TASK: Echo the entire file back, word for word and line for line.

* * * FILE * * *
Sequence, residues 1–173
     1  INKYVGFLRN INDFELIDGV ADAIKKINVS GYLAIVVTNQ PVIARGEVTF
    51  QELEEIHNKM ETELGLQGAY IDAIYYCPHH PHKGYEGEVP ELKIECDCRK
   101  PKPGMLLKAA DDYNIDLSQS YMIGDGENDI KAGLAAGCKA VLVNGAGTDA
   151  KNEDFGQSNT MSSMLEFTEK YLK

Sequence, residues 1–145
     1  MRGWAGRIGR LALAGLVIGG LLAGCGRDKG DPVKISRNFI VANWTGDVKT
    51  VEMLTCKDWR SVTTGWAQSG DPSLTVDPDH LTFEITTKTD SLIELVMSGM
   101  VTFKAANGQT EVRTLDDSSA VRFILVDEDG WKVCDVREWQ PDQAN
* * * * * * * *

Sequence, residues 1–173
     1  INKYVGFLRN INDFELIDGV ADAIKKINVS GYLAIVVTNQ PVIARGEVTF
    51  QELEEIHNKM ETELGLQGAY IDAIYYCPHH PHKGYEGEVP ELKIECDCRK
   101  PKPGMLLKAA DDYNIDLSQS YMIGDGENDI KAGLAAGCKA VLVNGAGTDA
   151  KNEDFGQSNT MSSMLEFTEK YLK

Sequence, residues 1–145
     1  MRGWAGRIGR LALAGLVIGG LLAGCGRDKG DPVKISRNFI VANWTGDVKT
    51  VEMLTCKDWR SVTTGWAQSG DPSLTVDPDH LTFEITTKTD SLIELVMSGM
   101  VTFKAANGQT EVRTLDDSSA VRFILVDEDG WKVCDVREWQ PDQAN